When you’re running a business it’s important for you to be aware of the risks – the things that could do you financial or reputational damage, and the things that could constrain your future growth and success.
Today we’re taking a look at some of these risks so you can make better, safer decisions for your business!
One of the big risks to your business is being outcompeted. Whether it’s a multinational corporation moving into town with resources that outstrip your own or a new business with new techniques and a greater hunger to expand, competition can strip you of customers and therefore revenue.
Learning who your competitors are is important, and what they offer, to allow you to emphasise your own unique strengths. It’s also useful to try and get some insight into what your competitors are planning: scheduling your own marketing pushes, new products and events around your competitor’s gives them space to breathe and find their own audience. Competitor analysis can help you reach that important insight.
Growth is normally taken to be an unalloyed good for any business, but if you’re not careful, the wrong kind of growth, or poorly considered growth can do you serious damage!
If you don’t have a long term strategy for your business and a clearly defined brand, then your growth could be almost random – adding product lines and services simply because you have the opportunity to, not because it’s a good idea. This makes it very difficult for customers to understand and relate to your business and makes it more likely they’ll go elsewhere.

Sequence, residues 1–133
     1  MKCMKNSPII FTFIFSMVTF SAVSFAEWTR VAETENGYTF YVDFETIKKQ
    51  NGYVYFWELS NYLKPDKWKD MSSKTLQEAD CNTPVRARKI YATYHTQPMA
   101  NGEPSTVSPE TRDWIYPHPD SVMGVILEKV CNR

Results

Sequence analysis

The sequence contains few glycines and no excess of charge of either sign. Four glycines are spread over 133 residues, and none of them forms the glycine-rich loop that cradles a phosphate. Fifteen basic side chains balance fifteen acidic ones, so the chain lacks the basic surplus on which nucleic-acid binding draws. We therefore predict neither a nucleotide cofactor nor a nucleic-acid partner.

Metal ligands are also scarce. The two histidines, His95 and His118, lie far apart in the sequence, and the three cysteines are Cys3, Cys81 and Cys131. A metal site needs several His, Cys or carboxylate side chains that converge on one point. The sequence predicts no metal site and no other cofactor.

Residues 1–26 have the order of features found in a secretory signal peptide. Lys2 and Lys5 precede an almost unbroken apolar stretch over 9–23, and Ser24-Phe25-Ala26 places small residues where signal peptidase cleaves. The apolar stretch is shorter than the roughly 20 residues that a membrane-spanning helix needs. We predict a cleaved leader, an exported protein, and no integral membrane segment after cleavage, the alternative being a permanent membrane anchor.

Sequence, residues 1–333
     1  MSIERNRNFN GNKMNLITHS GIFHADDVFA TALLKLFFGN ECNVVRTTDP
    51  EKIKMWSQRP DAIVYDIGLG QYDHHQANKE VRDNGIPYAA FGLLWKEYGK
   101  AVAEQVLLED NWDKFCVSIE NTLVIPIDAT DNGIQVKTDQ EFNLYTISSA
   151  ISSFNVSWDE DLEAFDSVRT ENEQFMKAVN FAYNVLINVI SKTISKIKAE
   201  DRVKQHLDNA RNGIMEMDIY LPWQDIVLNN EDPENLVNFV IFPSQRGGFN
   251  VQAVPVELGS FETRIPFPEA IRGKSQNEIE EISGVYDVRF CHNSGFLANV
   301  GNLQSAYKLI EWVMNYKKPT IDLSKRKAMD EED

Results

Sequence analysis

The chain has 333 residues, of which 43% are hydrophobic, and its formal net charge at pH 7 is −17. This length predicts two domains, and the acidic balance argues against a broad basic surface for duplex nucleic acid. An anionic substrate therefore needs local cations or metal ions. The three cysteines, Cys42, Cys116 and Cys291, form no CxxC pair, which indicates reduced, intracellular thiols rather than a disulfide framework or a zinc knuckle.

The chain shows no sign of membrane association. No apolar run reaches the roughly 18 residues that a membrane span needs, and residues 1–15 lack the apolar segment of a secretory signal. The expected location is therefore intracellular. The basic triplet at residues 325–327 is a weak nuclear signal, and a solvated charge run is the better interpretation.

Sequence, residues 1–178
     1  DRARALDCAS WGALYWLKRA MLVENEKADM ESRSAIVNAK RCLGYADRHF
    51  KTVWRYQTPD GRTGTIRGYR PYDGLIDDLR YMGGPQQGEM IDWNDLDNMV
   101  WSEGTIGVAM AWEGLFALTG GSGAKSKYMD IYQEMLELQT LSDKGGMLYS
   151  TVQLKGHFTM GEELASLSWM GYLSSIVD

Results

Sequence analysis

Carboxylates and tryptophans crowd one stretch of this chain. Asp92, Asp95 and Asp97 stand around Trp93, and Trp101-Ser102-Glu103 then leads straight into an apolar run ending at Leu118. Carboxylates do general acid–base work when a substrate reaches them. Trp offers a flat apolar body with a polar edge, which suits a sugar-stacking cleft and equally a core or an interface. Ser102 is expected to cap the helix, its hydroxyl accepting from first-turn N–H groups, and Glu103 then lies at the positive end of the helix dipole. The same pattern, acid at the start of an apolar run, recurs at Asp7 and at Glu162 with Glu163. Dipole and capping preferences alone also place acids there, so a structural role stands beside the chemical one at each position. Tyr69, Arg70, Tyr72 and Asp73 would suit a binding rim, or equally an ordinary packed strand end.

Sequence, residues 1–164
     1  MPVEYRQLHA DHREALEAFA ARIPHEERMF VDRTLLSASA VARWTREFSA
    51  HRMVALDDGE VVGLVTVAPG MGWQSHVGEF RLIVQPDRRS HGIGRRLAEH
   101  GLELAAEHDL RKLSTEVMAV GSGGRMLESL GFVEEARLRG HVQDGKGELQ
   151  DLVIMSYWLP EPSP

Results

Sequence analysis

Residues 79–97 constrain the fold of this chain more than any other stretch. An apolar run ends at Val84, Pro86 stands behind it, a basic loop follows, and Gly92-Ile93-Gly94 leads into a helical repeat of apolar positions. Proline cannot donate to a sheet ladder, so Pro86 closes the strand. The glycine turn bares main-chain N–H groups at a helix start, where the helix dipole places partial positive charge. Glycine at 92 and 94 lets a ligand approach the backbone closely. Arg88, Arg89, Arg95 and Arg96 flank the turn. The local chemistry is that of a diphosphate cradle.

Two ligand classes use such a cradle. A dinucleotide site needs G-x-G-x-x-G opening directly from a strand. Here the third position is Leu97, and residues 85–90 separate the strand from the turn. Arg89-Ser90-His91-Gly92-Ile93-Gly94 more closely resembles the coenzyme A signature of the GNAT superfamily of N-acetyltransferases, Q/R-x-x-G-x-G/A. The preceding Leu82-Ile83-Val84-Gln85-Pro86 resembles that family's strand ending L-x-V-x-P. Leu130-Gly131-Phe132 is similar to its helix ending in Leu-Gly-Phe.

If you grow too quickly, you risk attracting new customers at a rate that outstrips your ability to serve them. Whether you’re filling orders online, selling stock in-store or providing a service, you need to be able to do it reliably for each customer or client that comes to you. Unpredictable delays, poor customer service and inferior products all undermine your brand, and they’re all hallmarks of growing too fast, too soon.
If you want to make sure you’re growing in a healthy way for your company, try looking into growth consulting firms who can offer specialist advice.
The Costs of Doing Business
Every business comes with costs associated, from payroll and taxes to renting office space, shop premises or storage. We’re living through a time of high costs at the moment, with fuel driving increases to the cost of heating your premises, powering your technology and transporting goods. And of course your customers are experiencing these same pressures, limiting their spending power.
You can’t avoid these risks altogether but you can try to limit them – ensure you’re on the best fixed tariffs for everything from heating to phone bills, and check the contract for any rented accommodation to check for costs that could be passed on to you.
If the news is full of stories about rising prices, it’s a great time to find a way to express how good value you are for your customers, whether that’s simply emphasising your welcoming pricing structure or creating new products and packages tailored to these priorities.